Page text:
Cover Story
Associated Press

Birmingham +50

Civil Rights | Relations between blacks and whites have improved in what was once a hotbed of racist violence, but a lot of work remains

Issue: "50 years after the bomb," Sept. 21, 2013

BIRMINGHAM, Ala.—Police believe that after midnight on Sept. 15, 1963, four white Klansmen planted 11 sticks of dynamite wrapped in paper in the basement stairwell of 16th Street Baptist Church, a Birmingham church founded by emancipated slaves in 1873. That September, the first few African-American children had integrated the white Birmingham public schools. The furious Klansmen set the timer on the bomb for Sunday morning.

The church had designated that day as Youth Sunday. As Sunday school classes finished before the worship service, a gaggle of girls in the downstairs bathroom prepared for their special roles. Cynthia Wesley, 14, and Carole Robertson, 14, were planning to serve as ushers. Addie Mae Collins, 14, and Denise McNair, 11, would sing in the choir. The lesson in their mothers’ Sunday school class that morning was titled, “The Love That Forgives.” 

Segregationists were detonating bombs all over Birmingham in 1963. In May, they bombed the front half of Rev. A.D. King’s home. The minister and his family, in the back rooms, survived uninjured. That same day two bombs exploded at the Gaston Motel, where civil rights leaders, including Martin Luther King Jr., had been meeting. No one died. Twice, once in August and again in September, they bombed the home of one of the first black lawyers to practice in Alabama, Arthur Shores. One blast knocked his wife unconscious. No one died.  

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At 10:22 a.m. on Sept. 15, 1963, the dynamite exploded feet from where Cynthia, Carole, Addie Mae, and Denise were preparing for the service. The pastor of the church at the time, John Cross, was one of the first to the rubble, and he and others dug out the bodies. He didn’t recognize the girls because they were so burned and disfigured. “They were all on top of each other, as if they had hugged each other,” Cook related in an oral history for the Birmingham Civil Rights Institute.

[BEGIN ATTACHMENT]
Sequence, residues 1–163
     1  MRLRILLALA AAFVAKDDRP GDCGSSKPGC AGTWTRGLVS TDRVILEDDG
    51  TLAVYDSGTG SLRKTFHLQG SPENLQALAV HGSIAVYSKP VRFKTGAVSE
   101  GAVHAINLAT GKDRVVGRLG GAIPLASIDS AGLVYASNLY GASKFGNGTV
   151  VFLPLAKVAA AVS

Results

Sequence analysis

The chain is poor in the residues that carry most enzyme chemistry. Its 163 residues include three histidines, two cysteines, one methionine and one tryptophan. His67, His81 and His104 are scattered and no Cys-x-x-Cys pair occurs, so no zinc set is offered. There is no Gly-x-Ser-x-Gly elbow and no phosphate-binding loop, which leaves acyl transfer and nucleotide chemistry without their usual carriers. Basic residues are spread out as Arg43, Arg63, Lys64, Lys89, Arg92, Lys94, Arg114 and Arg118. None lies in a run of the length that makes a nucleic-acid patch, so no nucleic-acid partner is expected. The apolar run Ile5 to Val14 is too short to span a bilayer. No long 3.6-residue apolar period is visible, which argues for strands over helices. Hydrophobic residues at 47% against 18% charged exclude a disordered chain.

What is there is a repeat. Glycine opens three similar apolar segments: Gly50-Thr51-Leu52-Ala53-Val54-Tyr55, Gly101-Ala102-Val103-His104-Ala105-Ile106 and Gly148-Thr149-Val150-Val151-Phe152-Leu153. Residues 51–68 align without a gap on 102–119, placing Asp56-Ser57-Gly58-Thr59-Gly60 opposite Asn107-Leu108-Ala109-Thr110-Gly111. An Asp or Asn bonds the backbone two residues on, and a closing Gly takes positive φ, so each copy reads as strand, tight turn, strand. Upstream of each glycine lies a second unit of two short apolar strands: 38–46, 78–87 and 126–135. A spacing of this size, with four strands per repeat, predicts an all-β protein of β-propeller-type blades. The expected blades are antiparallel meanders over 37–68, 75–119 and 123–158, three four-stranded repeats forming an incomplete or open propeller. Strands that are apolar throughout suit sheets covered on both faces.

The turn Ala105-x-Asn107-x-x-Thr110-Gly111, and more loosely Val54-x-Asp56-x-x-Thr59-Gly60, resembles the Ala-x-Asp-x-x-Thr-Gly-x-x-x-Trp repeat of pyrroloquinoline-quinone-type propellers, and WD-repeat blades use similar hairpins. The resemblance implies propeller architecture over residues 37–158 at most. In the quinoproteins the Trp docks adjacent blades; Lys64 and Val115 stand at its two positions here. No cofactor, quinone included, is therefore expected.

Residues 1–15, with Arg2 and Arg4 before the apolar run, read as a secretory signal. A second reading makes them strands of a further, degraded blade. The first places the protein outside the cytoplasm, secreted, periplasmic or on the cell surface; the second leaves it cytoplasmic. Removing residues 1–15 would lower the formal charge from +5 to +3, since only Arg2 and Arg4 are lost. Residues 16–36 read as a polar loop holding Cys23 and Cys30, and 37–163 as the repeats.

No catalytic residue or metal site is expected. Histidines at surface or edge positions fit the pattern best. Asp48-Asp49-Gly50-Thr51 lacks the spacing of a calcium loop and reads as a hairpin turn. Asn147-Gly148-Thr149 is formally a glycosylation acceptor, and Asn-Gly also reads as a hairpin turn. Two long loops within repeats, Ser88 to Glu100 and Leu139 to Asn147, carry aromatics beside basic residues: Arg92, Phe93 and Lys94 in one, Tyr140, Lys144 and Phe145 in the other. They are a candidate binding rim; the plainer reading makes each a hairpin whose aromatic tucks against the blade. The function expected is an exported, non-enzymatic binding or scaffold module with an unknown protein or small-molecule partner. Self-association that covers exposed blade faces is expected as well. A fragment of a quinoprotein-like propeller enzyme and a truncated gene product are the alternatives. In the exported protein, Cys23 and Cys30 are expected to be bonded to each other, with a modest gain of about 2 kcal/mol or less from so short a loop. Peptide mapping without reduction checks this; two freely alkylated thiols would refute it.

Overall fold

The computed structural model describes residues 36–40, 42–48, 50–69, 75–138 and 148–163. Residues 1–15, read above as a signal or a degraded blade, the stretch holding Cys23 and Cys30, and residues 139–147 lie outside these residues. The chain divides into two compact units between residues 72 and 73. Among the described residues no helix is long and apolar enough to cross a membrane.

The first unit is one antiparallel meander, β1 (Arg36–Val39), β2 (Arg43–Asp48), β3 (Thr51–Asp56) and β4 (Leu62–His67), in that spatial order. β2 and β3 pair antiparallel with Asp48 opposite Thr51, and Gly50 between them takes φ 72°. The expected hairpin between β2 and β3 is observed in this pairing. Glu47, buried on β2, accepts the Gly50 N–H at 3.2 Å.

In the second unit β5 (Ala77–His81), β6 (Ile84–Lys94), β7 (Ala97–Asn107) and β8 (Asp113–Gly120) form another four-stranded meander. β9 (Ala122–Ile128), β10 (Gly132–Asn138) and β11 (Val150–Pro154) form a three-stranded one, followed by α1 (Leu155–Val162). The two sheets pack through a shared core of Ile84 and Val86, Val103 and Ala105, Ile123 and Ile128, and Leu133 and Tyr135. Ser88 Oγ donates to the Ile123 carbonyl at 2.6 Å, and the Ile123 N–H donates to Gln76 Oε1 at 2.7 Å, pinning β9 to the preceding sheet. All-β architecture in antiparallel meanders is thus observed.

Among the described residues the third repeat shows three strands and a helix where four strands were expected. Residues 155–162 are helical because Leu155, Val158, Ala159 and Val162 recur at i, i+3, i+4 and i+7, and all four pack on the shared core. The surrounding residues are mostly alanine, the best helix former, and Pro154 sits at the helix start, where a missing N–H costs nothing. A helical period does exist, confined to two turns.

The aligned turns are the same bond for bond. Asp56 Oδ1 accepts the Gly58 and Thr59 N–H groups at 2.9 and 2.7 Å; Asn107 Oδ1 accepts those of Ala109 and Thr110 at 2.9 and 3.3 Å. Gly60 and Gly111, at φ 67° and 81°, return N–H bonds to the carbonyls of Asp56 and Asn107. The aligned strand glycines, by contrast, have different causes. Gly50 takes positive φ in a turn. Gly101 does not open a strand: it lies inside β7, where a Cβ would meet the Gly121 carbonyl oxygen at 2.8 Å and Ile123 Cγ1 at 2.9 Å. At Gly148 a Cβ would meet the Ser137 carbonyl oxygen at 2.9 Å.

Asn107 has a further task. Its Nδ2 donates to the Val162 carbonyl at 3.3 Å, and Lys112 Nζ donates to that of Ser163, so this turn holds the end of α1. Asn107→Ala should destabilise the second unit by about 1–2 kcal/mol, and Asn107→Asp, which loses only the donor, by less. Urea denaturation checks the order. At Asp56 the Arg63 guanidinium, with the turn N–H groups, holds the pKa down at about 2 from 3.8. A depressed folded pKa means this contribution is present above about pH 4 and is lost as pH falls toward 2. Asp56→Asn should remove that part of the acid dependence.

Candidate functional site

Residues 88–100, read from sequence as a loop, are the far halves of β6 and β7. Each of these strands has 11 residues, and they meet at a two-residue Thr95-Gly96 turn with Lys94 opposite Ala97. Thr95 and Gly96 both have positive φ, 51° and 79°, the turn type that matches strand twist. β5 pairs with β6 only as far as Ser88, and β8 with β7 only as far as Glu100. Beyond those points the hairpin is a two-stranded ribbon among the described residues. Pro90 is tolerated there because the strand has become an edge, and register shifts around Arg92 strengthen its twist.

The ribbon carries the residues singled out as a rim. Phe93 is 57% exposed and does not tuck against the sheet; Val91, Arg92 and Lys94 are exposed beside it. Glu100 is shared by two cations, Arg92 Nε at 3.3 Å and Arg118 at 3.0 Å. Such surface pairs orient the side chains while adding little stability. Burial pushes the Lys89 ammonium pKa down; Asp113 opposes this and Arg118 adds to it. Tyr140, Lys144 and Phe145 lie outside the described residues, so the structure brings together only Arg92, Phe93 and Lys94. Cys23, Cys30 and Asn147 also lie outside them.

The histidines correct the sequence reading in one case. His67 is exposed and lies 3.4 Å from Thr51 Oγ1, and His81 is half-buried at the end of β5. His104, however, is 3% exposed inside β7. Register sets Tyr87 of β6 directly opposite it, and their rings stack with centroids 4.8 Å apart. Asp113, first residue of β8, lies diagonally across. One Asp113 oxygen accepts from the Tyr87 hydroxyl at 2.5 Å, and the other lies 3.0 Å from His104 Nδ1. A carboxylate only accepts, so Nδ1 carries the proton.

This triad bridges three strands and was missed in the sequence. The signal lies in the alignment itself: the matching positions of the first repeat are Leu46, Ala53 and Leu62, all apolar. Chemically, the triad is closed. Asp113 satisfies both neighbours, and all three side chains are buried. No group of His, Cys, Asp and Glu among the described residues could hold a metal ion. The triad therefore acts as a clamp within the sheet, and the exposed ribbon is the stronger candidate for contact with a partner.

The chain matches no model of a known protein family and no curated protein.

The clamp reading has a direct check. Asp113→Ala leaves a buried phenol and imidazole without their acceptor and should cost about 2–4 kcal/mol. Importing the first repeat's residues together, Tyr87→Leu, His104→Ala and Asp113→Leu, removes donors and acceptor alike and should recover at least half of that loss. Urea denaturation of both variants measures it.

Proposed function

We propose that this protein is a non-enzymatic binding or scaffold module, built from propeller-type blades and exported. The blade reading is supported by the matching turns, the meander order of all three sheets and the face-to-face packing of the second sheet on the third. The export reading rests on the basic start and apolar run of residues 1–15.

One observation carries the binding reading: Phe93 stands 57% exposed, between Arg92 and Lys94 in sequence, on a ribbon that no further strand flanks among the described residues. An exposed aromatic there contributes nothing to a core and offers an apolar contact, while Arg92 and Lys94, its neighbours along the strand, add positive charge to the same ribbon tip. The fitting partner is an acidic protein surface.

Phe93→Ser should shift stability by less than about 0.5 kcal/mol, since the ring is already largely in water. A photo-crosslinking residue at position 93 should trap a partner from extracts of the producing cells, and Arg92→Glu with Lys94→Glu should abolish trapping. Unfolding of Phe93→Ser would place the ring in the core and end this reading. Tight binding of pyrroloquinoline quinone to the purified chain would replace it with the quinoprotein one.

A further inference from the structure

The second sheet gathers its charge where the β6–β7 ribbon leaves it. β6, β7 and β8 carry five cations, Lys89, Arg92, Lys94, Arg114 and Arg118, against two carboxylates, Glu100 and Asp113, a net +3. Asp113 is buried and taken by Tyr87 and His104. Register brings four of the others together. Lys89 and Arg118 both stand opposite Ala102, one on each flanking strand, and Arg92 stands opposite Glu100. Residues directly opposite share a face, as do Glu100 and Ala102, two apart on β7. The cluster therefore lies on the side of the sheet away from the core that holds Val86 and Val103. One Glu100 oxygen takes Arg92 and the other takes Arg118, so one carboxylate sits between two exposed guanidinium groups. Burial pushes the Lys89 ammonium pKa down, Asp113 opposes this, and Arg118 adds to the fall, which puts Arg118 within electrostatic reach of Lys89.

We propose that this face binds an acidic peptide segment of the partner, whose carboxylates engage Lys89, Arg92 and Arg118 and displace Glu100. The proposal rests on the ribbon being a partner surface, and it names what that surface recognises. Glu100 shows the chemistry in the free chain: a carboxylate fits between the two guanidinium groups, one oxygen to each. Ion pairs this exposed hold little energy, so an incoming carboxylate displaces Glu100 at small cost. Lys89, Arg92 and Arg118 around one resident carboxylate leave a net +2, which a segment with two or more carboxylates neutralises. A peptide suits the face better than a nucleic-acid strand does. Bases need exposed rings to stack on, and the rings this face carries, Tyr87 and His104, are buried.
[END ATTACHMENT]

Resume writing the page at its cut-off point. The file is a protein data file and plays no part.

He found Addie Mae’s sister Sarah in the bathroom too, alive but with her face covered in blood. She lost an eye. Other children had sprinted away from the church after the bomb went off: Frantic parents found them scattered across downtown Birmingham.

The bombing shifted the course of the civil rights movement, erasing any possible ambivalence. “No matter who you are, or what color you are, when a kid is killed, it throws a different light on things,” said Tom Cherry, the son of one of the convicted bombers, decades later in an interview with Texas Monthly. A question now: What came of those deaths? What has changed in Birmingham in the 50 years since that bomb exploded?

Fifty years later, the South has become a better place for blacks to live. African-American church leaders in Birmingham agree that race relations between blacks and whites have massively improved, and they think it’s in part because black Southern churches were the heart of the civil rights movement in the first place. But despite all these positive developments African-American church leaders today see growing disparities and systemic divides that aren’t unique to the South. 

“All is not well because you can’t legislate love,” said Janice Kelsey, a lifelong Birmingham resident and an African-American.

A few months before the bombing, teenager Kelsey had joined a children’s march in Birmingham that police disbursed with water hoses and dogs. Kelsey, arrested, spent four days in jail. Her school expelled her, but a court reversed that. No court could reverse the 16th Street explosion, which killed Janice’s friend, Cynthia. Despite that horror, Kelsey has stayed in Birmingham her whole life and watched her city change. She is now a deacon at Greater Shiloh Missionary Baptist Church, which four months ago invited Shade Mountain Baptist, a white church in a wealthy Birmingham suburb, to come into a poor area of Birmingham, the West End, for a joint worship service.

At the joint service the black church choir sang, bringing the house down. Then the white choir sang, without exactly bringing the house down, but the black congregation clapped and shouted encouragement. Shade Mountain pastor Danny Wood preached, and tried to adapt to his audience talking back to him with words of encouragement during the sermon. After Wood’s sermon, Greater Shiloh pastor Michael Wesley stood up and said, “If we can meet here it has a chance to happen in municipalities. It has a chance to happen in cities. It has a chance to happen around the world.”

It was the first time in its 122 years of existence that Greater Shiloh had held a joint service with a white church. Wesley told me he and Wood have connected over their shared vision for the city and their desires for church growth. Wesley hopes Shade Mountain will help his church develop leaders, and he has encouraged his congregation to meet with Shade Mountain leaders and learn what they do day to day. He has told Wood that his church might have something to learn from Greater Shiloh, too: Their churches have begun doing service projects in Birmingham together. 


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